What Is Equity?
Equity is the amount of money the shareholders would have in the event of liquidating the company’s assets and paying its liabilities. Equity represents the company’s book value and reflects the money it owes to its shareholders. Equity can be issued in different forms, such as stocks, convertible notes, warrants, and equity grants.
Simply put, equity is how much ownership someone has in a company, and as a result, they have prorated ownership in the company’s real assets. No payment is promised to equity holders on their investment; they may receive any dividend the firm would pay. The performance of their equity investments is directly impacted by the success of the firm and its real assets as if the firm is thriving; consequently, the equity value will increase; if not, the equity value will decrease.
Types of Equity
There are many forms of equity, but the two most common are common shares and preferred shares. Both represent an ownership stake in the company.
- The most basic form of equity typically makes most of a firm’s equity capital.
- More senior form of equity and more costly than Common shares.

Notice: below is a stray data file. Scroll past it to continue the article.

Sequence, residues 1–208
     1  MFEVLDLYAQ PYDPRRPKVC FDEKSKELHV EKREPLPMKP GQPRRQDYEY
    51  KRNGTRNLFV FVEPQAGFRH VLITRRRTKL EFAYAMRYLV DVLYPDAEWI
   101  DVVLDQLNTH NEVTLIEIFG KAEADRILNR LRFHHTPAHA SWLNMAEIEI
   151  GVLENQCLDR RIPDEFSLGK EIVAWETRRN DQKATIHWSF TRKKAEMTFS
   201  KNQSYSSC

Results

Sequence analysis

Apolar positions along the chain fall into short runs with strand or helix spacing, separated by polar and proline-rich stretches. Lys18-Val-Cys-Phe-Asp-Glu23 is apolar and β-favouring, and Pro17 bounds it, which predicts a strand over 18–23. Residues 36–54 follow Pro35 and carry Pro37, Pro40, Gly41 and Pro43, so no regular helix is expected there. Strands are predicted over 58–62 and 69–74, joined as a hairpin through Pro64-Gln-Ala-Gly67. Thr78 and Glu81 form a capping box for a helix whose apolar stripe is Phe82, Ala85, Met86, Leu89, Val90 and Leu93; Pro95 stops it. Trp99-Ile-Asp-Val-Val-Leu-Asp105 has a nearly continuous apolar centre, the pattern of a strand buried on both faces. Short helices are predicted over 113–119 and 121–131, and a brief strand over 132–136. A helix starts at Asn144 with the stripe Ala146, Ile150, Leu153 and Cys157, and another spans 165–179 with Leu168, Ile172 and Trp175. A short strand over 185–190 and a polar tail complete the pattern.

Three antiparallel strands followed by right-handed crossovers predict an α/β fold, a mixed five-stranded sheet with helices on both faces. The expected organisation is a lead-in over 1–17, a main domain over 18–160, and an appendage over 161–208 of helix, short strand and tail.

- Have voting rights.
- No voting rights.
- No guarantee of dividend.
- Guaranteed a fixed dividend.
- Holds a residual claim on the business and therefore has the ultimate control of the company’s affairs.
- Have a higher claim on a company’s assets and earnings than common shareholders.
Level of priority
- Last level of priority (highest risk) for investors.
- Priority over common shareholders in the event of liquidation.
- More prone to dilution
- Anti-dilution rights
Each type of equity has its pros and cons, so it is critical to understand the different types of equity and assess a company’s capital structure before making any investment decisions. With a basic understanding of the different types of equity, it is much easier to make more informed investment decisions and achieve better results.